The Silent Show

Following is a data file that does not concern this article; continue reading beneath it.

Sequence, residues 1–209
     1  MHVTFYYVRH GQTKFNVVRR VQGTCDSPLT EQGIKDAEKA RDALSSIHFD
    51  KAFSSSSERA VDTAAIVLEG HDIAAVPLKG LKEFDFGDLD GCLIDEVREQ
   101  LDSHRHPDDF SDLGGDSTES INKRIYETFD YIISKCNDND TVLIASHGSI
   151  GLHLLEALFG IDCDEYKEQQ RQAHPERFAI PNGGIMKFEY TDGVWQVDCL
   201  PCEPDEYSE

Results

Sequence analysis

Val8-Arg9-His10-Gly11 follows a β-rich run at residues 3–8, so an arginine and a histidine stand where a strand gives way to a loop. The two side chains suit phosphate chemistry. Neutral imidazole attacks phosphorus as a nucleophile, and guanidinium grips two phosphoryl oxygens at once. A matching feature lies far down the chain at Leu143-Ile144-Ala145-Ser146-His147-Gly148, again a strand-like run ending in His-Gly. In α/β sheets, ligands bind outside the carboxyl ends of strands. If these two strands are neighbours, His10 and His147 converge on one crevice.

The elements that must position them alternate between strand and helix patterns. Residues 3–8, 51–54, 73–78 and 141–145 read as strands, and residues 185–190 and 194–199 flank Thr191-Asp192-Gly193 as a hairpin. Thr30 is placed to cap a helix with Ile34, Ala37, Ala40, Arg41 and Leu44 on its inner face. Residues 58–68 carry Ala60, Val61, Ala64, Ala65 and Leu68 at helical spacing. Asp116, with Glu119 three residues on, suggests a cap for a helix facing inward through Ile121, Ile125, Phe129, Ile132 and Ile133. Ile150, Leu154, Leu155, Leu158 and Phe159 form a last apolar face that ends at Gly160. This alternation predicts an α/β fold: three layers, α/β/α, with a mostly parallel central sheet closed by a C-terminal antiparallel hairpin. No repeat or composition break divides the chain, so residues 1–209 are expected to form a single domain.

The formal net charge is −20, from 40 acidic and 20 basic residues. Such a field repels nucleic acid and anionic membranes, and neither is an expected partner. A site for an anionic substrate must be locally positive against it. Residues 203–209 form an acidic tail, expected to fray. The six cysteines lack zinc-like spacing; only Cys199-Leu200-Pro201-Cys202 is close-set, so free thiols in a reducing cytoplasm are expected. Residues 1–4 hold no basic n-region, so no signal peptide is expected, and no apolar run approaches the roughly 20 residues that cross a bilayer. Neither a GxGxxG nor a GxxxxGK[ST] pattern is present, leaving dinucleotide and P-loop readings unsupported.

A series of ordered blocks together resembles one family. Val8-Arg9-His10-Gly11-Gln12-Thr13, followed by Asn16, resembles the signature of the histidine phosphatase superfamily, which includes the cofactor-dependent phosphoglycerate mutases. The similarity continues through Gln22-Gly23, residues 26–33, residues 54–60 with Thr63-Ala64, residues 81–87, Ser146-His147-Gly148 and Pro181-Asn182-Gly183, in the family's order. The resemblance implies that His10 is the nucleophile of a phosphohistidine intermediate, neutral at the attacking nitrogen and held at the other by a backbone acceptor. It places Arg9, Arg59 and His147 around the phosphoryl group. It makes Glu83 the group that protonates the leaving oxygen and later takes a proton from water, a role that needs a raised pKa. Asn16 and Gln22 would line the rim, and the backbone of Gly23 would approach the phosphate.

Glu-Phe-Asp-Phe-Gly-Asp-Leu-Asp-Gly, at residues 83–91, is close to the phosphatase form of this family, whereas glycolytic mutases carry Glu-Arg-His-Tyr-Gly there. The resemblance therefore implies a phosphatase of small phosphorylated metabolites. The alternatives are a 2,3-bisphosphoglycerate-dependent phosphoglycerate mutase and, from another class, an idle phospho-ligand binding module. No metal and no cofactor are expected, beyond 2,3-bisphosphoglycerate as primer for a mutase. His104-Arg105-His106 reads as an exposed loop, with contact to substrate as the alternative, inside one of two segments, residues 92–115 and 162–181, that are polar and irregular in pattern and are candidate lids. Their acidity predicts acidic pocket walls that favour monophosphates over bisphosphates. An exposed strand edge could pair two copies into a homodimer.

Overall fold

In 1956, NBC wanted to present to the viewing public an example of the new technology of color television, and they hired comedian Ernie Kovacs to write and star in one of the first color television shows to be broadcast. Although NBC was more interested in the “visual splendor” of what would be shown, Kovacs went one step further. Aside from his opening monologue and the Dutch Masters cigar commercials, Kovacs decided to banish all human conversation from the show. NBC had another reason for the special — a hole in its lineup on a particular Saturday night. After Jerry Lewis broke up his longtime partnership with Dean Martin, NBC had offered Lewis the opportunity to host his own 90-minute color TV special on Saturday, Jan. 19, 1957. Lewis decided only to use the first 60 minutes, which left the network with 30 minutes to fill. Kovacs was more than willing to try something new, so he presented a silent 30-minutes with the Kovacs-created character Eugene. He supplied the pictures and left the dialogue to the viewer’s imagination.